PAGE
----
Yesterday was all kinds of exciting, for various reasons. Firstly, I had a day off (always exciting, especially on a Monday, because it means I get a lie-in). Secondly, I got to go to my first ever theatre bloggers event. And finally, I had the chance to see The History Boys, a play I’ve been aware of for years but never yet seen on stage.
So, where to start? Well, the lie-in was nice, but fairly uneventful, so let’s move on to the bloggers event. We’d been invited by the lovely people at the Churchill Theatre in Bromley to come along, have a drink and meet other theatre bloggers from the area. Some of the group I’d already met on Twitter; others I hadn’t. But it was really nice to finally put some faces to names, and I hope there’ll be more meet-ups in the future.
And finally – The History Boys. This is a new touring production of Alan Bennett’s play, directed by Kate Saxon. For those unfamiliar with the story, it’s about a group of boys at a school in northern England, who stay on after their A-Levels to study for the Oxbridge entrance exam, at the insistence of their results-obsessed headmaster. With two very different teachers to guide them, the stage is set for a critical examination of what education is really all about. Is its purpose simply to prepare students for exams, or to equip them for life?
The play is very much an ensemble piece, but there are a few stand-out performances. Richard Hope plays Hector, the boys’ favourite teacher, who deliberately shies away from encouraging the head’s Oxbridge ambitions and instead focuses his attention on getting the students to memorise poetry (and also on some other things that we won’t mention). At the other extreme, young supply teacher Irwin, played by Mark Field, is determined to get the boys through their exam, even if it means going against everything they know and believe in. Both men believe wholeheartedly in their own approach, and yet each of them has moments of vulnerability and doubt. Hope and Field play their roles to perfection, with such passion and conviction that you find yourself, much like the students, switching allegiance with every passing minute, and surprisingly willing to overlook some pretty major transgressions along the way.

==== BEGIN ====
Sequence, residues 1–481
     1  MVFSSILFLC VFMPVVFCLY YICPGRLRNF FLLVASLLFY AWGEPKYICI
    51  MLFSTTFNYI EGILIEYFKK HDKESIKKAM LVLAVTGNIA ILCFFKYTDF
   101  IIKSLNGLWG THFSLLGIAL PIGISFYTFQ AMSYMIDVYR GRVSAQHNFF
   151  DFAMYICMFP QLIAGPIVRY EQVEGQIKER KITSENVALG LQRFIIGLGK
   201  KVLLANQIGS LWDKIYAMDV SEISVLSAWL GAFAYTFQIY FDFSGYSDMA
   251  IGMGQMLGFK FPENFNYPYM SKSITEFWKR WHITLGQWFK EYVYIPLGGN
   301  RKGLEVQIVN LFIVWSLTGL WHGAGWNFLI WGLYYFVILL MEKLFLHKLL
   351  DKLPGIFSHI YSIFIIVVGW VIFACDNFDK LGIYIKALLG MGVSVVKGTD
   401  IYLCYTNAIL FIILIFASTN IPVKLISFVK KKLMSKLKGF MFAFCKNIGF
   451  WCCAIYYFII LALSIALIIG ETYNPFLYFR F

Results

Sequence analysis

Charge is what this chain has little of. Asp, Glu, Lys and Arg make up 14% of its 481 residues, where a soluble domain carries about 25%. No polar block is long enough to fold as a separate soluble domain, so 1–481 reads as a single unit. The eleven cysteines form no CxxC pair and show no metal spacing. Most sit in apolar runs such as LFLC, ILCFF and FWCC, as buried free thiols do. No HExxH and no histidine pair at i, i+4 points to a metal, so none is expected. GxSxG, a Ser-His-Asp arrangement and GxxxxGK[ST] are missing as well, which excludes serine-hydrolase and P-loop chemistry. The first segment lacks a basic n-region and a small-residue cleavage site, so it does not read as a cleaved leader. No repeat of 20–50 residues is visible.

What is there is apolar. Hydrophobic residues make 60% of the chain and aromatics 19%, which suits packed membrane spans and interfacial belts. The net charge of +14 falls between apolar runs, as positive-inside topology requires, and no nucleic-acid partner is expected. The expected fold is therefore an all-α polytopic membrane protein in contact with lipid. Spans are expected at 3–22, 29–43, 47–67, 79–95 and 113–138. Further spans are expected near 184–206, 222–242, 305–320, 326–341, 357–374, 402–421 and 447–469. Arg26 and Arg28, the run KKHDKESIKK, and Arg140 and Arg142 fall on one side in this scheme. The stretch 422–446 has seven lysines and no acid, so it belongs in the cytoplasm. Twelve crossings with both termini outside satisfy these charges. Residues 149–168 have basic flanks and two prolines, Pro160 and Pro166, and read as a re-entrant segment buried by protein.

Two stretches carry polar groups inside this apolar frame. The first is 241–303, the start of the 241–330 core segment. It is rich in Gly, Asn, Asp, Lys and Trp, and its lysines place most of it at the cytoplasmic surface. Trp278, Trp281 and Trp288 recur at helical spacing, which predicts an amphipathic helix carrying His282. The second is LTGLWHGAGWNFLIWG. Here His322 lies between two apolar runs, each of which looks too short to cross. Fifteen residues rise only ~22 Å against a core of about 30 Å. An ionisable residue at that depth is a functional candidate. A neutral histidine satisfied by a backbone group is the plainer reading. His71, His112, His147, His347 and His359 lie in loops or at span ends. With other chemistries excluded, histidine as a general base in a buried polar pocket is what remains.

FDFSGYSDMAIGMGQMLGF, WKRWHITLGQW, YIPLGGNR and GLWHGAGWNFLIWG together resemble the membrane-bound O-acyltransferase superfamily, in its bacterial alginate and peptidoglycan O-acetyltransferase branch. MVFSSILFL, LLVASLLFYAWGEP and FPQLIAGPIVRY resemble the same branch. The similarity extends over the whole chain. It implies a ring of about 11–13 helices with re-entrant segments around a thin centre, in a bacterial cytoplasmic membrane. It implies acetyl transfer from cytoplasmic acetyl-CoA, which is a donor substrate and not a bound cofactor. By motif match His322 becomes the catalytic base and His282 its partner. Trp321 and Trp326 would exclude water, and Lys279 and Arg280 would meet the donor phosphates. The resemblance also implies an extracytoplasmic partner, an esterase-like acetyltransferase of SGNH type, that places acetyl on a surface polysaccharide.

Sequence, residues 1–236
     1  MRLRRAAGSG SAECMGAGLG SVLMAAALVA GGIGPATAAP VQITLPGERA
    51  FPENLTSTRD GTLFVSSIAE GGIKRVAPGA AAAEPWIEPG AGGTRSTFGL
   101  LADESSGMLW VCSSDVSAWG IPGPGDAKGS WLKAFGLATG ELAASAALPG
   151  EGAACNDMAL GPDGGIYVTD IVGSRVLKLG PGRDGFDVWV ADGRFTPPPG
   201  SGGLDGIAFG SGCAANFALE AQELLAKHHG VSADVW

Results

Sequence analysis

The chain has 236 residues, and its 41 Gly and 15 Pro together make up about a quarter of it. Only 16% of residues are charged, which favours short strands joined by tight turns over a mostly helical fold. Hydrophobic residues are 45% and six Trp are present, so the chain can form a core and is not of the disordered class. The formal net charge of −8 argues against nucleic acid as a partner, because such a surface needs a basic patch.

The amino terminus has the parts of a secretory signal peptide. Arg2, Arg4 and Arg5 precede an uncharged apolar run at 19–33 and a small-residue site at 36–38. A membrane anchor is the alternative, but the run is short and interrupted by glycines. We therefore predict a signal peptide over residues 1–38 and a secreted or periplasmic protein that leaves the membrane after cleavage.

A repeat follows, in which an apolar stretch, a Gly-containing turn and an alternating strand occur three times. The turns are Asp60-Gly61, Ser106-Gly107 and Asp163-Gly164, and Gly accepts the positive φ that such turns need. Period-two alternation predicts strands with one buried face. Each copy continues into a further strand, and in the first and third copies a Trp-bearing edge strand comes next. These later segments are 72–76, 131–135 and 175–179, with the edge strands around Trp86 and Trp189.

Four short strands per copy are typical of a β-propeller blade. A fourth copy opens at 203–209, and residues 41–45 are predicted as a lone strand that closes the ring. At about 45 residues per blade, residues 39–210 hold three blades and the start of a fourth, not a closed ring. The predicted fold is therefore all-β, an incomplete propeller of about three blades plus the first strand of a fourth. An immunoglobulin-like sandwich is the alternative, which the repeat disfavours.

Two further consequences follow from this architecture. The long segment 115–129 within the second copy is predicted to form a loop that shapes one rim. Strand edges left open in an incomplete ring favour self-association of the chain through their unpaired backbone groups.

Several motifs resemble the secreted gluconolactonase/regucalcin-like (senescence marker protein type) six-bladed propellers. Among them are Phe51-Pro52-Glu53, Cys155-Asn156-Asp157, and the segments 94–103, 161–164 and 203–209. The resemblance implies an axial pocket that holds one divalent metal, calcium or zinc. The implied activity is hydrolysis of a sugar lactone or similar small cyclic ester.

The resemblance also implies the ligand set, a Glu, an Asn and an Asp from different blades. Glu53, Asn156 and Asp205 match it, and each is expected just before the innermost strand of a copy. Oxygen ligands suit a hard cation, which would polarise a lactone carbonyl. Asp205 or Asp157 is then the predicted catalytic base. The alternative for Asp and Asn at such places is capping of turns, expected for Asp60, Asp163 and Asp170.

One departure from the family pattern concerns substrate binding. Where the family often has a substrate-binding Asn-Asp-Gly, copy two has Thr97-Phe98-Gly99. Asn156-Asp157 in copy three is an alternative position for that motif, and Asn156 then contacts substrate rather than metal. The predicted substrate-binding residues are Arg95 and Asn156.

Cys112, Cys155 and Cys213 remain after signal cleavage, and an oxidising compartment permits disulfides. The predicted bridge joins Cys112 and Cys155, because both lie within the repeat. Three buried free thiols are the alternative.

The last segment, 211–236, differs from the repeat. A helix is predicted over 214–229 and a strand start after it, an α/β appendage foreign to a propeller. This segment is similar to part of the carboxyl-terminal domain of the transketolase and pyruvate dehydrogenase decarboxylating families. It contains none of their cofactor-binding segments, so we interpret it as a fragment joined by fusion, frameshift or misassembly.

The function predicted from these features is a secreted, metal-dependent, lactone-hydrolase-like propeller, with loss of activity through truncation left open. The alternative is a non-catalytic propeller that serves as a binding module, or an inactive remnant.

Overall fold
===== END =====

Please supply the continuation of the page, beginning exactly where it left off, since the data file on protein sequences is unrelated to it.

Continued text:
Among the boys, Matthew Durkan shines in the pivotal role of Dakin. I didn’t realise until after the show that Durkan was the understudy for this part; he has all the swagger and cockiness of a young man who’s very aware that everyone loves him, and believes this gives him the right to manipulate them for his own amusement. Steven Roberts, too, is irresistible as Posner, just coming to terms with his homosexuality and struggling to find his place both within the group, and in life. But it almost feels unfair to single out anyone; the entire cast give flawless individual performances, but also have great chemistry as an ensemble. While I don’t for a moment imagine a real class of teenage boys would all get along that well, this particular group are both believable and likeable to watch. And I have to give a quick cheer for Susan Twist’s Mrs Lintott, who provides a welcome voice of reason – not that anyone’s listening to her.
The History Boys is not a particularly easy play; it leaves you with more questions than answers, and while it’s very funny at times (I even enjoyed the dig at Nottingham Uni, despite being one of their graduates), it may well have you sobbing by the end. Besides the obvious theme of education versus learning, it throws up a lot of important issues related to growing up and finding your path in life – and how much of that should be guided by adults, who may well be more flawed than the younger generation they’re attempting to mould.
Being my first time seeing The History Boys, I obviously can’t compare this production to previous ones. All I can tell you is to try and see this one if you can, because it’s fantastic. It’s on at the Churchill in Bromley all this week, and if you quote HISTORYPACKAGE when you book, you can get a Band A seat, programme and drink for only £25. Bargain! Visit the website or call 0844 871 7620 to book.